The Old Stone House was built by Sir John Cracroft Wilson (1808-1881) in 1870, and it remained in the family’s ownership for the next 96 years.
John Cracroft Wilson was born in India, and educated in England, before working as a magistrate in Delhi. In 1854 he sailed for Australia, on leave from his position, accompanied by his family and along with his Indian and Eurasian servants; however, Australia was not to his liking. Learning about the opportunities in Canterbury, New Zealand, he decided to make his way there and landed in Lyttelton in April 1854.
Sir John bought much land in Canterbury, including a 108-hectare property on the Port Hills which he named Cashmere after his favourite part of India – Kashmir. After his leave had finished, he returned to India leaving his eldest son to take over the management of the property.
Sir John and his wife returned in 1859 with a further collection of servants. Sir John quickly became a key local figure in the growing Canterbury area; a patron of drama and opera, chairman of the Canterbury Musical Society, and serving on many school committees, councils and boards.
Initially his Indian and Eurasian servants lived in small huts, but some found the Canterbury weather hard to endure and Sir John, feeling a strong sense of responsibility, built them a substantial stone accommodation house a few hundred yards from his homestead. They were able to live there communally, like the extended family that is still common in India. This house is now known as the Old Stone House.
No details survive of the building’s construction, but it was described as reminiscent of farm dwellings in England a few centuries earlier, and consisted of three floors. The lower floor seems to have been intended for storage and stables, the main ground floor for cooking, eating and communal areas, with the top floor thought to have housed the sleeping quarters. The stone used in construction is reputed to have come from a quarry on nearby Marley’s Hill, with stone from this quarry used in similar buildings of the era.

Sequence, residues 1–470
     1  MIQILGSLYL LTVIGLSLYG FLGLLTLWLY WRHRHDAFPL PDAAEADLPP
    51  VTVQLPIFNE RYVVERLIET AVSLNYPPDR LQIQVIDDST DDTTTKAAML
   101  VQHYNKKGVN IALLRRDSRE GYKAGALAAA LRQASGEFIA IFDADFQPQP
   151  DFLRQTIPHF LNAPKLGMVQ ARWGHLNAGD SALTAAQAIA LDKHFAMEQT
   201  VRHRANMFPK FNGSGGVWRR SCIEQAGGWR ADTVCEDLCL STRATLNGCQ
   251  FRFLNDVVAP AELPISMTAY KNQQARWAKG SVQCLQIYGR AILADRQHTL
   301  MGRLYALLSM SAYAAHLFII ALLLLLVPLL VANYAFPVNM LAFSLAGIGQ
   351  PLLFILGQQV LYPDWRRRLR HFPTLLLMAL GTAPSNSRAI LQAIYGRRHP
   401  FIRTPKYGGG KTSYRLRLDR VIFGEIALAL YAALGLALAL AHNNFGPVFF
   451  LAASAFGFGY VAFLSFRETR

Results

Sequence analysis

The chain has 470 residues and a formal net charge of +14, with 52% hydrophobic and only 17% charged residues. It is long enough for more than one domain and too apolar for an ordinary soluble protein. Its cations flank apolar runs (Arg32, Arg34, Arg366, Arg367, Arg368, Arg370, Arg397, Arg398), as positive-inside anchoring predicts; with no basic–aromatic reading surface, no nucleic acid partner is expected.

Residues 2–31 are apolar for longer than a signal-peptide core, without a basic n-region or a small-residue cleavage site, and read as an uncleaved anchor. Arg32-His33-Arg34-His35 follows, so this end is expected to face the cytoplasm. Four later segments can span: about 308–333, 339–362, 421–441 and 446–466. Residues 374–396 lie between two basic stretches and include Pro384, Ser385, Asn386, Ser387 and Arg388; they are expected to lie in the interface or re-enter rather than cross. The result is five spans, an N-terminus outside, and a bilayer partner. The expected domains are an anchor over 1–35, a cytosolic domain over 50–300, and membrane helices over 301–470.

1900s - from Private ownership to Community use
Sir John died at Cashmere in 1881 and was buried at St Mary’s, Halswell. His eldest son Frederick inherited most of the estate, dying in 1902, when the property passed into the hands of his eldest son, John Cracroft Wilson, who died in 1930 when the house was inherited by John Frederick Cracroft Wilson. During most of this time the house was used mainly for housing farm workers and for storage.
With the outbreak of the Second World War the Old Stone House was used for Combined Headquarters Southern Command. It was used to house the Signals Section associated with Combined Headquarters and a 70m high radio mast was erected outside the building’s south end. The family’s large homestead on the hill above, which had been built in 1902, was used as offices, and sadly was destroyed by fire shortly after the war ended, just as the house was to be handed back to the family.
John Frederick Cracroft Wilson had, like his great grandfather, a strong interest in the enhancement of the community, serving for many years on the vestry of St Augustine’s Church, on the board of Rhodes Convalescent Home, and making the old homestead and the Old Stone House available for community use. The original homestead together with one and a third hectares of land was gifted to the Girl Guides Association in 1959 in recognition of the devotion of his mother, Mildred, and wife, Barbara, to the organisation.
Mechanisation, and a reduction in the size of the estate over time, reduced the need for accommodation for farm staff, with only one or two living there during the 1930s, 40s and 50s. As the farm needs decreased a variety of local organisations were allowed to use it as a shelter, including the Guides and the Student Christian Movement (SCM).
The SCM’s association with the Old Stone House dates back as far as 1919. Using the building intermittently between the wars, the SCM became a regular user from the late 1940s until the early 1970s. Members became involved in maintenance of the site and regularly held meetings, camps and devotions there. The building was gifted by the Cracroft Wilson family to the SCM in 1966 and plans to continue improvements and use it as a retreat and National Conference Centre were developed.
1970s - Fire, Rebuilding and a New Use